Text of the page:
Use SQL Server Triggers to Track Unauthorized Database Changes

SQL Server triggers are a powerful feature, yet they often take a backseat to stored procedures and user-defined functions?a fate they don’t deserve. A trigger can provide an easy-to-implement solution to even the most complicated problem. One task in particular, tracking unauthorized changes in a database, can be transformed from a lengthy and difficult security task to a automated routine with the use of triggers. The secret is to store data about each change as it occurs, so you can determine who’s changing data and when. The results of this tracking will help you determine whether a data change is a simple mistake in reporting, an unintentional mistake by an honest employee, or a real security hole that needs filling.

Knowing an error has occurred is fairly useless unless you can identify its source and prevent a recurrence. This article shows how triggers can serve as routine auditing procedures that track errors whether they’re due to human error or program logic. You will learn how quickly triggers can help you track down errors or simply create a historical record of normal processes.

Triggers Can Save Your Weekend
Suppose your boss calls an emergency meeting late on a Friday afternoon and tells you that product prices are being changed and deleted without authorization. New orders are being generated with incorrect pricing. Your boss wants you to find the unauthorized user?yesterday.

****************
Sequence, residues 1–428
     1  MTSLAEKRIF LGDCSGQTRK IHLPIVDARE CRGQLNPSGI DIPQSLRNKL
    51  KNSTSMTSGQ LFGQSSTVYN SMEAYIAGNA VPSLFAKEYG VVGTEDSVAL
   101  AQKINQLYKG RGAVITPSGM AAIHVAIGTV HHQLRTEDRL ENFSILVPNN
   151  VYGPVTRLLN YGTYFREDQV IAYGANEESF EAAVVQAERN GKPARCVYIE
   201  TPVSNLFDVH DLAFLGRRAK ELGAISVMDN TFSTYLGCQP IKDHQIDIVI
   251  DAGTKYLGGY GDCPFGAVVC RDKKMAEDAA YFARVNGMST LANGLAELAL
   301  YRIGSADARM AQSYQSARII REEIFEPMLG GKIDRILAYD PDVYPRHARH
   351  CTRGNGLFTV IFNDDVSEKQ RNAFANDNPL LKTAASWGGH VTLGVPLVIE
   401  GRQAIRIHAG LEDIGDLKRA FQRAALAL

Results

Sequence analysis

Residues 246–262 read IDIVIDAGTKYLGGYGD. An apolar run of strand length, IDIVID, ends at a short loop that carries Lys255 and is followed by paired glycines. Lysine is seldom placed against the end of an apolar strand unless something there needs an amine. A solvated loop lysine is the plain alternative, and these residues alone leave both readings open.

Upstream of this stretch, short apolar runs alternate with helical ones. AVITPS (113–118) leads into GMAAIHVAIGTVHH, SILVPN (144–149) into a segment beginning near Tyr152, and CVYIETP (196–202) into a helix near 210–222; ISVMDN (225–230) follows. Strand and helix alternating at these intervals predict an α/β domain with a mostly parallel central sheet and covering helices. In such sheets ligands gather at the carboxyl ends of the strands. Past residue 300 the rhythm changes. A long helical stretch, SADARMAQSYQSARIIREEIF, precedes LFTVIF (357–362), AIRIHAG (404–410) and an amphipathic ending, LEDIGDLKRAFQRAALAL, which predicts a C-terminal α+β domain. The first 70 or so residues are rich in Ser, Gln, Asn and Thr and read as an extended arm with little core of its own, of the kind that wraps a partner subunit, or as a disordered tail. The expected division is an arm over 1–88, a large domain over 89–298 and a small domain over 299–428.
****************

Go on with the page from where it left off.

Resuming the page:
You remind your boss that the database system doesn’t have any stealth forensic technology, and furthermore, management dismissed your proposed security and auditing process as unnecessary and too costly during the design and development phase. (Actually, skip the furthermore part.) Your boss expresses regret over your planned weekend canoe trip, which you’ll almost certainly have to cancel, but the bottom line is you must determine who’s making the unauthorized changes right away.

A trigger is a special kind of stored procedure that SQL Server offers. It might just get the job done quickly and efficiently?while you’re on your canoe trip. A trigger is a predefined response to a specific data modification. In SQL Server terms, it refers to an UPDATE, INSERT, or DELETE action. Table 1 defines the two types of triggers.

Table 1: Types of SQL Server Triggers

Trigger Description Executed Against Number Allowed
FOR Executes after the triggering statement is completed Tables only Multiple FOR (also known as AFTER) triggers are allowed, and you can control which trigger fires first and last using the sp_settriggerorder. All other triggers fire in an undefined order, which you can’t control.
INSTEAD OF Executes in place of the triggering action Tables and views Only one per table or view

The main benefit triggers offer is that they react automatically to a specific type of modification made to a specific table. Keep the following rules in mind when you’re adding a trigger:

  • Only the table owner has permission to create triggers, and permission can’t be transferred.
  • A trigger is considered a database object, so use object rules when naming and referencing a trigger.
  • Triggers are restricted to the current database, although you can reference an object outside the database.
  • A trigger can reference a temporary table but can’t modify one.
  • A trigger can’t reference a system table.

Complete the following three steps before you actually add a trigger:

  1. Identify the tables and views to which you’ll add the trigger.